UNIX Shells by Example

 in
If you want to learn shell programming, this book is a must-have.
  • Author: Ellie Quigley

  • Publisher: Prentice Hall

  • E-mail: corpsales@prenhall.com

  • URL: http://www.phptr.com/

  • Price: $49.95 US

  • ISBN: 0-13460-866-6

  • Reviewer: Ben Crowder

Unix Shells by Example truly fulfills the claim made in the title: over 630 examples are in the book, plus another 60 in the first appendix. If you want to learn shell programming, this book is a must-have.

The first chapter introduces the three major shells: the Bourne shell, the C shell and the Korn shell. The Bourne Again shell (bash), the one used by most Linux users, isn't specifically covered, but the information on the other three shells usually applies. A history of each shell, plus the theory behind shells is given. Where the shell comes in on a UNIX system is described, as well as more general UNIX topics such as file attributes and permissions.

Chapter Two, “The UNIX Tool Box”, gives a very useful explanation of regular expressions which applies to much more than shell programming; for example, searching for text within Emacs or vim is built on basically the same principle. Over the next six chapters, what are considered to be three of the more important UNIX tools in regard to shell programming are covered.

Our friend grep appears in the third chapter—the meaning behind the name, how it works, and how to use it (with, of course, extensive examples). Chapter Four covers sed, the Streamlined Editor—again, replete with examples.

The next three chapters describe awk--the history, the input format, records and fields, patterns and actions, script files, comparison expressions, variables, pipes, loops and arrays, to name just a few topics. This section is quite extensive and very useful. I would have to agree with the author that these three are among the most important of all text processing utilities.

Each of the three major shells is covered in a separate chapter. Chapter Eight introduces the Bourne shell, discussing topics such as variables, metacharacters, file-name substitution, pipes, functions, arithmetic, looping and the built-in shell commands, in addition to many other subjects of interest.

The C shell appears in the next chapter. Each shell is given basically the same treatment: the first section of the chapter is devoted to the interactive shell (aliases, job control, the environment, redirection, etc.), while the second section covers programming in that shell (loops, flow control, arithmetic, etc.). Chapter Ten goes over the Korn shell in the same manner.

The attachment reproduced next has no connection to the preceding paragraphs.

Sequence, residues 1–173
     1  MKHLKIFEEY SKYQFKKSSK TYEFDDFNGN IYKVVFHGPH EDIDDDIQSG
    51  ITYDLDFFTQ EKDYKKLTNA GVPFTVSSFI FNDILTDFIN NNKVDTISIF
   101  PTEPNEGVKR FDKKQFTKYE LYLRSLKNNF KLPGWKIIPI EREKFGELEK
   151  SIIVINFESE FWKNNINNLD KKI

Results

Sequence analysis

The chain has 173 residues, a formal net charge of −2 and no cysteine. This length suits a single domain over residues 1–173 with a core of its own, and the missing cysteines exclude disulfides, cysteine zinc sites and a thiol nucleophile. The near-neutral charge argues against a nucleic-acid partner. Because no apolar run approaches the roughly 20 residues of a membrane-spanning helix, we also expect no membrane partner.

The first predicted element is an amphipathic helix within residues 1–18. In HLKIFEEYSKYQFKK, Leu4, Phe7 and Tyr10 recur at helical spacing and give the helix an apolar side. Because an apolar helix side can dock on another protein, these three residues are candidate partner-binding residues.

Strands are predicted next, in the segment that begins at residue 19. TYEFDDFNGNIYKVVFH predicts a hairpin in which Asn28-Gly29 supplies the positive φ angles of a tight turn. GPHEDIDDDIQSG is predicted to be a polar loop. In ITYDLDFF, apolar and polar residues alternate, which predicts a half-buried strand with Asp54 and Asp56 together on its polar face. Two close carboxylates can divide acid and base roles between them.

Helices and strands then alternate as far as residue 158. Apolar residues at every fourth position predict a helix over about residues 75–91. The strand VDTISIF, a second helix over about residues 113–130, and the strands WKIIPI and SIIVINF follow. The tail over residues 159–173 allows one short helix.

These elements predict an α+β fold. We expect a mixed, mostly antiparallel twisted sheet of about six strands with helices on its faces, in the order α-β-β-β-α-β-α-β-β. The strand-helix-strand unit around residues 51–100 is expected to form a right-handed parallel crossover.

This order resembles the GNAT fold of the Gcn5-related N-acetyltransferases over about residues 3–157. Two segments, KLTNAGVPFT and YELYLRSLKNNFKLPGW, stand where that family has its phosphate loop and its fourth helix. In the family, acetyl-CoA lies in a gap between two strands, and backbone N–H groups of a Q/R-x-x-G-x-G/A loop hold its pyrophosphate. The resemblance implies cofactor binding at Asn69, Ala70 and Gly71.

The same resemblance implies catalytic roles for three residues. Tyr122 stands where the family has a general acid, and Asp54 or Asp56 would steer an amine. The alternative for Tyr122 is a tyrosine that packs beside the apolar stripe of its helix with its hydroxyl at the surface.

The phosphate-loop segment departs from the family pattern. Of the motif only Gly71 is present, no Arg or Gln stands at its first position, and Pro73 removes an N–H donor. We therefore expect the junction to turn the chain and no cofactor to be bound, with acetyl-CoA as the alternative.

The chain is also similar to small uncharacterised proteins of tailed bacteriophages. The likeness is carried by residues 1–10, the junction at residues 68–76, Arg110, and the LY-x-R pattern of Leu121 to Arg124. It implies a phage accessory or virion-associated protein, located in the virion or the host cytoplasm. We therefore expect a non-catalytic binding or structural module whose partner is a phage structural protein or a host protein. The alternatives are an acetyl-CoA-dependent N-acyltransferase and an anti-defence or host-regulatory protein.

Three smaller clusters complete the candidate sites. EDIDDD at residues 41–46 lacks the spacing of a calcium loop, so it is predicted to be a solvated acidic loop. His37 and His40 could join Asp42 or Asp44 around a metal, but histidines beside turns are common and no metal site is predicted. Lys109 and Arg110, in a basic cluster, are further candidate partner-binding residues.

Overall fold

Appendix A lists useful utilities for shell programmers. These are stock UNIX programs, such as at, mv, passwd and so on. Quite a few examples are given (sixty, to be precise), as well as usage information and a short description. Appendix B provides a table for comparing the three shells. This is an invaluable resource for those who need to port shell scripts from one shell to another. For example, the table shows you how, in each shell, to assign the output of a command to a variable. In the C shell you use set d='date', in the Bourne shell you use d='date', and in the Korn shell you use d=$(date) or d='date'. Appendix C explains clearly and concisely how to use quoting correctly, especially for those tricky problems where you have multiple layers of quotes. The attached CD comes with all source code given in the book.

So, is the book worth your time and money? Yes, very much so. I found the examples to be particularly helpful, illustrating concepts far more clearly than prose could possibly do. If you're interested in shell programming, or even if you're just curious about shells in general, get over to your local bookstore and buy this book.

Ben Crowder is a young Linux aficionado living in Utah. In addition to fiddling with the insides of computers, Ben enjoys reading, writing and music. He can be reached at mlcrowd@enol.com.

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